The accomplishment of the report mainly depends upon research methods viz. industry analysis, and internal benchmarking of supply chain management. The project was assigned to perform the analysis three company of the same industry. In this project opportunity analysis has been done with the data of holding period of the firm’s Raw material, Semi finished goods, and Finished goods. Analysis of internal supply chain efficiency has been done for the same companies. Internal supply Internal supply chain working capital productivity analysis has been done with the data of Working Capital Productivity and Inventory, Accounts receivable, and Accounts payable and reached the conclusion that only internal supply chain analysis cannot suggest the whole cost reduction we also need to analyze the external factors.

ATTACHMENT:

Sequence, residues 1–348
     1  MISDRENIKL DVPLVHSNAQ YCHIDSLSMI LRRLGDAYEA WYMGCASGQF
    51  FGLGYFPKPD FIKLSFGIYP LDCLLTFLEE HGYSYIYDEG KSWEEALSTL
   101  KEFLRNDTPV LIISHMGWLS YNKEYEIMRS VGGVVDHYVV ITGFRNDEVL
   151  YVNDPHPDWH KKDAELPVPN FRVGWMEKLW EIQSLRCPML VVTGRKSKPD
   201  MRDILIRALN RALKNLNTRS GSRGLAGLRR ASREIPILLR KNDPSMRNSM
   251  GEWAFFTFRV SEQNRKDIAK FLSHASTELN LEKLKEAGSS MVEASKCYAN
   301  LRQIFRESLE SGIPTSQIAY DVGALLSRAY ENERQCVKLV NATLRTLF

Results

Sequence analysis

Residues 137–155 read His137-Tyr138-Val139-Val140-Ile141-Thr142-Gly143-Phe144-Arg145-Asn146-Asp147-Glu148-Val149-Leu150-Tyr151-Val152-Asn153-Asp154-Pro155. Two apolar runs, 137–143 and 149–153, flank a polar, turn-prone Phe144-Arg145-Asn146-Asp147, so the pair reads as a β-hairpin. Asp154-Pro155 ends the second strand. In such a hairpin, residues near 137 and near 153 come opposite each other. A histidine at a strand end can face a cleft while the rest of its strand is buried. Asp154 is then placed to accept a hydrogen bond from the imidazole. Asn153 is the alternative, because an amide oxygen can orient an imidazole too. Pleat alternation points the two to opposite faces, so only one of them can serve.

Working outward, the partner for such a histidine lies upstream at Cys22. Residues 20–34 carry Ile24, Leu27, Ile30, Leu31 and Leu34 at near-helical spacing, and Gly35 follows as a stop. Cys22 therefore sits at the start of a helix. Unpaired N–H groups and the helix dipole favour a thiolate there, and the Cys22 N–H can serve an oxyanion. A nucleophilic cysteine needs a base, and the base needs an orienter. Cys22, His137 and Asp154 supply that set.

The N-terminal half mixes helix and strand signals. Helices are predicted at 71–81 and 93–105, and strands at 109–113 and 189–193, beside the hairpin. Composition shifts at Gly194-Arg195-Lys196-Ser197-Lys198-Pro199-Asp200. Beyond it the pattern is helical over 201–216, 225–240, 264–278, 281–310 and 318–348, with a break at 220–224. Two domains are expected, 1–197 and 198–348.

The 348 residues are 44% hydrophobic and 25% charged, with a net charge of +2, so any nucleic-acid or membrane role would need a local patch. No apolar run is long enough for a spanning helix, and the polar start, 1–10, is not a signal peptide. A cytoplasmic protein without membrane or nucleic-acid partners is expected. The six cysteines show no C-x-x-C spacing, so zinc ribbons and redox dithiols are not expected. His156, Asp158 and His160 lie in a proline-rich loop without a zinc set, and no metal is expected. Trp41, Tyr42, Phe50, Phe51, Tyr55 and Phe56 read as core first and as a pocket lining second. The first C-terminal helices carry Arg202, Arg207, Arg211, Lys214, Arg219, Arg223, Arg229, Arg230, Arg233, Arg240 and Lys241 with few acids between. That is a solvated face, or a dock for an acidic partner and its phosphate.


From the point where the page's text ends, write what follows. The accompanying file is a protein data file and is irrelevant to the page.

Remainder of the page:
The Indian FMCG market has been divided for a long time between the organized sector and the unorganized sector. While the latter has been crowded by a large number of local players, competing on margins, the former has varied between a two-player –scenario to a multi- player one Unlike the U.S market for fast moving consumer goods (FMCG), which is dominated by a handful of global players, India’s Rs. 460 billion FMCG market remains highly fragmented with roughly half the market going to unbranded, unpackaged home made products This presents a tremendous opportunity for makers of branded products who can convert consumers to branded products. However, successfully Launching and growing market share around a branded product in India presents tremendous challenges. Take distribution as an example. India is home to six million retail outlets and super markets virtually do not exist. This makes logistics particularly for new players extremely difficult. Other challenges of similar magnitude exist across the FMCG supply chain. The fact is that FMCG is a structurally unattractive industry in which to participate. Even so, the opportunity keeps FMCG makers trying. At the macro-level, over the long term, the efforts on the infrastructure front (roads, rails, power, and river linking) are likely to enhance the living standard across India. Till date, India’s per capita consumption of most FMCG product is much bellow world averages. This is the latent potential that most FMCG companies are looking at. Even in the much penetrated categories like soaps/detergents companies are focusing on getting the consumer up the value chain. Going forward, much of the battle will be fought on sophisticated distribution strengths.